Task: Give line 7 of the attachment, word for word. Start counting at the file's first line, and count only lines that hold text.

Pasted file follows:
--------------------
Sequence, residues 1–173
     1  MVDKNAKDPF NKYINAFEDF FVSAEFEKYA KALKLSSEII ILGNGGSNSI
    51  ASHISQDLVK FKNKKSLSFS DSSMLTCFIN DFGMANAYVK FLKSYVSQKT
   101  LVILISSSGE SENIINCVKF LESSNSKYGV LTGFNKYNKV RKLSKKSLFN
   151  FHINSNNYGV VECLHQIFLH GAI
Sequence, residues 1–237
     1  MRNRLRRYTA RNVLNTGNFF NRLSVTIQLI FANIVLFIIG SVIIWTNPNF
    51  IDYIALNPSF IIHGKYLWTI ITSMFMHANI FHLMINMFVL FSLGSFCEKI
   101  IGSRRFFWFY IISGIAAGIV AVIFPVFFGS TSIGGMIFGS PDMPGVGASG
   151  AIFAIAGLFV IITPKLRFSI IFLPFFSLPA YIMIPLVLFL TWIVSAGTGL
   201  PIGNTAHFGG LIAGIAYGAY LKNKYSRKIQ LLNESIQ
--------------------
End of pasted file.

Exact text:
     1  MRNRLRRYTA RNVLNTGNFF NRLSVTIQLI FANIVLFIIG SVIIWTNPNF